A new report shows a remarkable jump in greenhouse gas totals in Earth’s atmosphere, raising fears of accelerated global warming. Meanwhile we cover energy stories from Juneau to rural Alaska as rising prices put everyone on edge. Plus, polar bears in Canadian coastal areas are becoming a hot topic for environmentalists whose interests collide with indigenous hunters. Those stories and more on tonight’s Alaska News Nightly, broadcast statewide on APRN stations.
Greenhouses gases rise sharply
Steve Heimel, APRN – Anchorage
There has been a sharp increase in atmospheric greenhouse gases. The Annual Greenhouse Gas Index report from a federal agency shows the concentration of both carbon dioxide and methane went up last year. Both gases trap heat in the atmosphere. For four years, the National Oceanic and Atmospheric Administration (NOAA) has been compiling measurements of the gases from all over the world.
Bill would provide impetus for alternative energy projects
Dave Donaldson, APRN – Juneau
Record high costs for energy have many Alaskans watching a bill that unanimously passed the legislature this year. The bill would set up a state program to fund alternative energy projects around the state. It has been flagged for quick action to get it to the governor for her signature.
Energy crisis not just a Juneau story
Dixie Hutchinson, KNBA – Anchorage
As residents of Juneau brace themselves for a big spike in their monthly fuel expense, the sudden increase in power costs will mirror what rural Alaska residents are already paying. Juneau leaders are hoping the state will declare the area a disaster. One tribal leader is hoping that the same will be considered for rural Alaska.
Legislature expanded funding for homeowner weatherization programs
Dan Bross, KUAC – Fairbanks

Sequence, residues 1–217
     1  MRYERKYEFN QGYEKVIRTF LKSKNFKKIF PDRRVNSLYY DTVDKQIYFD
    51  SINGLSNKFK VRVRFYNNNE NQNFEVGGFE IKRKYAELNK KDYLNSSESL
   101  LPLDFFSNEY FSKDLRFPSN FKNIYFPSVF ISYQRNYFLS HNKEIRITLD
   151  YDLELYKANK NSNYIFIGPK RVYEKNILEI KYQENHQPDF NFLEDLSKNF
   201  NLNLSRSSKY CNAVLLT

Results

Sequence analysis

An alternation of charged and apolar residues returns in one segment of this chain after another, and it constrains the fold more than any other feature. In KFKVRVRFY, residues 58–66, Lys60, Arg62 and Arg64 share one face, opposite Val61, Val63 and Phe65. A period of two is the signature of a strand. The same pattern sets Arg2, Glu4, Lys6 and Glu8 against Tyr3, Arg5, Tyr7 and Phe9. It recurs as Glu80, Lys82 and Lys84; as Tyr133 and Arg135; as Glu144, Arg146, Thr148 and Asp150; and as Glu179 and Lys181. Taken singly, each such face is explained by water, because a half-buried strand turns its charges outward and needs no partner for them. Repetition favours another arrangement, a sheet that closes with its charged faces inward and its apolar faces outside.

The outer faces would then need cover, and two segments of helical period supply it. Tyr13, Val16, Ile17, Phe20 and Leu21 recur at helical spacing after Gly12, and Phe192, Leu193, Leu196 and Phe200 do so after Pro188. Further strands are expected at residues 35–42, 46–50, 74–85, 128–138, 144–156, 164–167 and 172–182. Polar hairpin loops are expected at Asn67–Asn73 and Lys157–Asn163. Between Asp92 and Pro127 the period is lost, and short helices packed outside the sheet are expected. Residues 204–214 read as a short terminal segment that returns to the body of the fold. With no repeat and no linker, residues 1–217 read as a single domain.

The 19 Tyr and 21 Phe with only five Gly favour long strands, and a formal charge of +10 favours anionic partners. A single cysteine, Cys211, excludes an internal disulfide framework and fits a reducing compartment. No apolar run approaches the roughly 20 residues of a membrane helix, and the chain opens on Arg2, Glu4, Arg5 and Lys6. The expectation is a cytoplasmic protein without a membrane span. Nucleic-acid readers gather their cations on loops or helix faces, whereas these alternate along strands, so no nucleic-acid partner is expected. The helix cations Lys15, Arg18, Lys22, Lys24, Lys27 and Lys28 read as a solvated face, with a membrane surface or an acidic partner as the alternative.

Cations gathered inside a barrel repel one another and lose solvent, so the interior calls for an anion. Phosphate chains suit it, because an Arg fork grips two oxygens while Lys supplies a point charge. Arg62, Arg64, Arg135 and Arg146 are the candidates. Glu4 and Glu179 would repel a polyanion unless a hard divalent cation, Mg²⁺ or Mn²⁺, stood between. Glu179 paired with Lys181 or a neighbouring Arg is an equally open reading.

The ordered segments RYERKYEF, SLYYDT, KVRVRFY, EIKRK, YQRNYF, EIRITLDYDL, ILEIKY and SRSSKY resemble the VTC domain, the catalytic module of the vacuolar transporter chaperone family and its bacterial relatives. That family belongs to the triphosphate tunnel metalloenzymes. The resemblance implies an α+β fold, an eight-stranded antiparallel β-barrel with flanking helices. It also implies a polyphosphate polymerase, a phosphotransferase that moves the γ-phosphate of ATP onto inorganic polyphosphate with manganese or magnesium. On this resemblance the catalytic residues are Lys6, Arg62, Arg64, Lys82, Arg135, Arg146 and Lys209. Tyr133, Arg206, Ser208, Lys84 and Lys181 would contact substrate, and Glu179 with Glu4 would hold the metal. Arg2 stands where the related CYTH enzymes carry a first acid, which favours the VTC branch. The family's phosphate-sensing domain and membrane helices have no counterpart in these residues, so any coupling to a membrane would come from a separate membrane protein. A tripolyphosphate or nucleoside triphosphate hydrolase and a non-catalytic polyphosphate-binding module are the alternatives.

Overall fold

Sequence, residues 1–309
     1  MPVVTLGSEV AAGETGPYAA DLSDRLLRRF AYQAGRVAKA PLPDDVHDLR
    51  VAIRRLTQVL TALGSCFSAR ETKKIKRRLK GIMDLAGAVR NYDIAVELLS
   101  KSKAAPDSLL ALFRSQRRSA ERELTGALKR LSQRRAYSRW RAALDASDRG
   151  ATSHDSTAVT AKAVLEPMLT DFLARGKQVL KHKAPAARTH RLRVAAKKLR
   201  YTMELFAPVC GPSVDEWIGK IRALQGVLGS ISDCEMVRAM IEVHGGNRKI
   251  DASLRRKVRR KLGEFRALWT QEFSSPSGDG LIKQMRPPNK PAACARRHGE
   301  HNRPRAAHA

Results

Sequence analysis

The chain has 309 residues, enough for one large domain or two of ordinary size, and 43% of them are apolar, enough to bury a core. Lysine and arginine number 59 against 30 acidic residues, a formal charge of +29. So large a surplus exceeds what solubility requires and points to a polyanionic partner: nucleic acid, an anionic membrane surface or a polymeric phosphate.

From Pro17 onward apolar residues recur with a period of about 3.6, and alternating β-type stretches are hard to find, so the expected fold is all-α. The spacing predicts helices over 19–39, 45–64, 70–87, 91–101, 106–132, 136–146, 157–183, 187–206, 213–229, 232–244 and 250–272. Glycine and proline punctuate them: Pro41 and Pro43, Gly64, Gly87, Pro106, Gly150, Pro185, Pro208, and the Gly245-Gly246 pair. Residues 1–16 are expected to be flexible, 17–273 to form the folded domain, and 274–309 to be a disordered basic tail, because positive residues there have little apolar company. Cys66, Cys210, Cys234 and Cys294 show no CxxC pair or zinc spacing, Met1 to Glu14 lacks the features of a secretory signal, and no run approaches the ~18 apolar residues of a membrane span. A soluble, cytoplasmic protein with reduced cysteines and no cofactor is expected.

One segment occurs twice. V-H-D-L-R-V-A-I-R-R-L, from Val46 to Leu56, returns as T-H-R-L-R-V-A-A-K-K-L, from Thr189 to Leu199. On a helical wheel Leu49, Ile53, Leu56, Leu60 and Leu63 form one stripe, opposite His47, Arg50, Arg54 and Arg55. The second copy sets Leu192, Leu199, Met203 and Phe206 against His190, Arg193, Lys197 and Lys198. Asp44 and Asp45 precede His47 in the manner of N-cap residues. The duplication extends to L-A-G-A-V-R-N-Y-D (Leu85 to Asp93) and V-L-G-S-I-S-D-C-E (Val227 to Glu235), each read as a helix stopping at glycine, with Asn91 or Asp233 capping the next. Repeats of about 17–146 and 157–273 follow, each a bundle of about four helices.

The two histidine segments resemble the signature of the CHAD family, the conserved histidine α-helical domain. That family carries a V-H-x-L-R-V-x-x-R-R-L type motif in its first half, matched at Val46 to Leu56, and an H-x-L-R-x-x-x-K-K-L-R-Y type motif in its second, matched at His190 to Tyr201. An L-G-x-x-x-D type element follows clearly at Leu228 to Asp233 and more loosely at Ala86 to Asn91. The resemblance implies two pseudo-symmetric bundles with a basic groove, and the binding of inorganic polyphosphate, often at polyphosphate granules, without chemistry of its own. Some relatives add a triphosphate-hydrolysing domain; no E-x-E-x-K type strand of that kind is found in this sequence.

Alaskans wanting to improve the energy efficiency of their homes can benefit from the expanded funding for Alaska Housing Finance Corporation (AHFC). The State legislature allocated $300 million for the AHFC homeowner weatherization assistance programs. That’s a dramatic increase over the $4 to $6 million the agency has received in recent years.
Stevens leads charge on inspections of seafood imports
Joel Southern, APRN – Washington, DC
In wake of concerns about carcinogens and contaminants in seafood produced in China and other countries, a bill to step up inspections of seafood imports moved through the US Senate Commerce Committee today. Senator Ted Stevens is a co-sponsor of the legislation. He says only a small fraction of imported seafood is inspected now.
First round of Park Service program only includes one Alaskan park
Joel Southern, APRN – Washington, DC
The first round of projects in the National Park Service’s Centennial Challenge program were announced today — but it includes only one project among Alaska’s parklands. The recipient is Wrangell-St. Elias National Park. The Park Service and the Propane Education and Resource Council are chipping in $125,000 each to put in a new power generation system at the Kennecott Mine National Historic Landmark, where deteriorating buildings are being stabilized.
Museum of the North catalogs 100,000 specimens
Emily Schwing, KUAC – Fairbanks
The University of Alaska’s Museum of the North in Fairbanks cataloged it’s 100,000th specimen recently. The museum’s collection includes everything from meadow voles to ringed seals.
Doyon names Norm Phillips as its new president
Libby Casey, KUAC – Fairbanks
The Interior Native Regional Corporation Doyon has named Norm Phillips as its new president and CEO. Phillips has worked at Doyon for more than 20 years in its Lands and Natural Resources Department. Phillips was born and raised in Fairbanks, and has family roots in Rampart and Fort Yukon.
WWF Canada calls for polar bear hunt moratorium
Patricia Bell, CBC – Whitehorse, YT
World Wildlife Fund Canada is calling for a moratorium on the polar bear hunt in Baffin Bay. The environmental activist group sent a letter to the Prime Minister calling on him to intervene.
Native Youth Olympics descends on Anchorage
Lori Townsend, APRN – Anchorage
The Native Youth Olympics are taking place in Anchorage this week. The games work to promote healthy lifestyles, an appreciation of Alaska Native traditions and sportsmanship. About 400 athletes representing nearly 50 communities are participating. This morning, athletes converged on the Sullivan arena floor and outnumbered onlookers.